Fitch Solutions foresees little room for public spending even after govt raises debt ceiling

Malaysia’s debt load is currently at 59 per cent of its and is among the highest in South-east Asia. According to Fitch Solutions, it is unlikely for the Perikatan Nasional (PN) administration to raise the ceiling higher, beyond 60 per cent. — Picture by Hari Anggara
Malaysia’s debt load is currently at 59 per cent of its and is among the highest in South-east Asia. According to Fitch Solutions, it is unlikely for the Perikatan Nasional (PN) administration to raise the ceiling higher, beyond 60 per cent. — Picture by Hari Anggara

KUALA LUMPUR, Aug 31 — Putrajaya will have limited room to spend despite lifting the country’s debt ceiling from 55 per cent to 60 per cent, market research firm Fitch Solutions said.

In a report published last week, the affiliate of ratings agency Fitch said the stimulus aimed to counter the economic fallout of the Covid-19 pandemic will likely push Malaysia’s borrowing load into the red zone.

Malaysia’s debt load is currently at 59 per cent of its and is among the highest in South-east Asia. According to Fitch Solutions, it is unlikely for the Perikatan Nasional (PN) administration to raise the ceiling higher, beyond 60 per cent.

“The fiscal stimulus enacted to counter the economic disruptions caused by the Covid-19 pandemic and the lockdown measures imposed to contain its spread has left government debt practically at even the raised debt limit of 60 per cent of GDP,” the company said.

Finance Minister Tengku Zafrul Abdul Aziz said last week Malaysia’s debt-to-GDP ratio is expected to hit 58.4 per cent once Putrajaya’s RM45 billion stimulus plans take effect.

But he also said policymakers will still have fiscal space to implement countercyclical measures if necessary.

Fitch Solutions said interest payments are likely to remain a relatively small part of the government’s expenditure.

It added that the government is also unlikely to begin the process of paying it in earnest starting next year.

Still, the market research firm said heavy borrowing and stagnant revenue will keep fiscal space tight for at least two years for the government to keep public spending below the revised debt limit.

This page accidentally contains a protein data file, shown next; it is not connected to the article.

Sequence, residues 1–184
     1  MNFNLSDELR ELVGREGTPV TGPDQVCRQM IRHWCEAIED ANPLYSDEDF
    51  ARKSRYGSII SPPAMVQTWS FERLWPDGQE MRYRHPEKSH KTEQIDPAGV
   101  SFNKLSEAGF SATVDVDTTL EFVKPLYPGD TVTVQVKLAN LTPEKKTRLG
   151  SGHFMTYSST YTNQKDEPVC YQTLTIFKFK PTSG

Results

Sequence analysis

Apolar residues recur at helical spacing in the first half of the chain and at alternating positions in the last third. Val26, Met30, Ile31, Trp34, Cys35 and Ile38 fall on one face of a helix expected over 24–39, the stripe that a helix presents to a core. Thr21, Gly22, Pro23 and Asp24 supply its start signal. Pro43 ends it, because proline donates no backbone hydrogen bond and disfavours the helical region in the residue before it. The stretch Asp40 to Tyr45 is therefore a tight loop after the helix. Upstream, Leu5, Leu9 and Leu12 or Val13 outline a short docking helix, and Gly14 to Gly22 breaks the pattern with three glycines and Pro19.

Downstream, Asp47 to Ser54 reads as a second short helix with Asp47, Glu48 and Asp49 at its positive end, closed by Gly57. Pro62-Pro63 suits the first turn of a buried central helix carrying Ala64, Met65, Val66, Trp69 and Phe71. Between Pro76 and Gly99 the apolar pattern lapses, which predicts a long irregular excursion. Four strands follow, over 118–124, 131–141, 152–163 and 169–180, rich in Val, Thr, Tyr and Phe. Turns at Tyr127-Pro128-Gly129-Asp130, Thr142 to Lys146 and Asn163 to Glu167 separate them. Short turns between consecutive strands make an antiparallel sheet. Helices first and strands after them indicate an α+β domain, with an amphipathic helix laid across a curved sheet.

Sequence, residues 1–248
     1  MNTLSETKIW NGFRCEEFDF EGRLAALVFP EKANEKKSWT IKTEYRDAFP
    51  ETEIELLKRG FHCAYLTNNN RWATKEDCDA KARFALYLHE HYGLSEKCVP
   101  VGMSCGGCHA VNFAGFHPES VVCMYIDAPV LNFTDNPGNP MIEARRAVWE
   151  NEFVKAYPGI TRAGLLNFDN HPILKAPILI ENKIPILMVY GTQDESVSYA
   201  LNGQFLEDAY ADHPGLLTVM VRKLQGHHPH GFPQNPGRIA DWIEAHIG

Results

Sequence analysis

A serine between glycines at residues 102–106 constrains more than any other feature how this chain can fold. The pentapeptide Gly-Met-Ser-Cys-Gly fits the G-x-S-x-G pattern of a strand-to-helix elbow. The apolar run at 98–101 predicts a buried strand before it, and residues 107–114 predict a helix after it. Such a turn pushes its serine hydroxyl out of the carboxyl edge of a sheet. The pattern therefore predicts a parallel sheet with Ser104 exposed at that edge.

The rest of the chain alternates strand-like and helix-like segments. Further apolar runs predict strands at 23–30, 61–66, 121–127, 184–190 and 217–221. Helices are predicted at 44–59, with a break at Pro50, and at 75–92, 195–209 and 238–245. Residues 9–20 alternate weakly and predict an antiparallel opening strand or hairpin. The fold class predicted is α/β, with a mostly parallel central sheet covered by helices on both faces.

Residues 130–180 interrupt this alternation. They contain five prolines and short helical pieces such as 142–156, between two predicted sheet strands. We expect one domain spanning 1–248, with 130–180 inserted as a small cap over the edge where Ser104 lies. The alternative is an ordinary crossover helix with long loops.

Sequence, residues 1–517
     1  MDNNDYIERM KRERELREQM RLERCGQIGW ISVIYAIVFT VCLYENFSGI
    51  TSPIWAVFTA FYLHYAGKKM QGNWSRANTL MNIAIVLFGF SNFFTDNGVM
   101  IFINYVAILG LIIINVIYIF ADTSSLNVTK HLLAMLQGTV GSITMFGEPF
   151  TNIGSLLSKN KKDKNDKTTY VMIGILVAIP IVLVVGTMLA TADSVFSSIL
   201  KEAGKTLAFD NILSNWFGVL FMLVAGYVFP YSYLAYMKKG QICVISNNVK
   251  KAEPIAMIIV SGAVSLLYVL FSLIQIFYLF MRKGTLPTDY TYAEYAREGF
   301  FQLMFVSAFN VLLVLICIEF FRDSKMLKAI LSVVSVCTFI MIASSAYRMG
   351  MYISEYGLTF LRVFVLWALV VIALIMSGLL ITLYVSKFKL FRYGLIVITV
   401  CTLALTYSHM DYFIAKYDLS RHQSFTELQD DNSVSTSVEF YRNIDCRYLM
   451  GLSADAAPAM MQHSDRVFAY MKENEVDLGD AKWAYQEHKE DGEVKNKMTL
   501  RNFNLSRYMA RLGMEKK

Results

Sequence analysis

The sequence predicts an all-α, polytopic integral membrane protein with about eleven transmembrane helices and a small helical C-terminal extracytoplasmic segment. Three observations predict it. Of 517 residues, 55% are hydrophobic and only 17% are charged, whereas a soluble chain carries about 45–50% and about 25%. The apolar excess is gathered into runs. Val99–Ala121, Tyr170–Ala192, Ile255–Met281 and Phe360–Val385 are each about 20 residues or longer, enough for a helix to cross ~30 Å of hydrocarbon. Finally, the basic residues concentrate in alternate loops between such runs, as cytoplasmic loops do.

It said the debt load could shake investors’ confidence and put pressure on government-issued securities, although Fitch Solutions also see likely intervention from Bank Negara Malaysia to relieve some of the squeeze.

“We further expect the central bank to act to relieve any pressure in the bond markets resulting from increased government borrowing, as it appears to have done in April,” the firm said.

The country’s fiscal balance in 2020 will likely remain at -6.1 per cent of GDP due to the heavy pressures put on revenues due to Covid-19’s impact on the economy and the government’s foregoing of revenues as part of its fiscal stimulus package, according to Fitch Solution’s forecast.

“Meanwhile, the same stimulus package also means expenditures are unlikely to fall as much as revenue, resulting in what is likely to be the largest fiscal deficit since 1987,” it added.

Malaysia’s expenditure growth remained firmly in the double digits at 13.1 per cent year-on-year while revenue growth has practically stagnated at 1.6 per cent within the same period.

The economy contracted by 17.1 per cent in real GDP terms in the second quarter.

Parliament passed on August 25 legislation to raise the government debt limit to 60 per cent of GDP, from 55 per cent of GDP previously.

The law expires in 2022, at which point the limit is set to revert to 55 per cent in the absence of an extension.

Malaysia is now among countries with the highest debt limits in emerging Asia, along with Thailand which also has a 60 per cent government debt ceiling.

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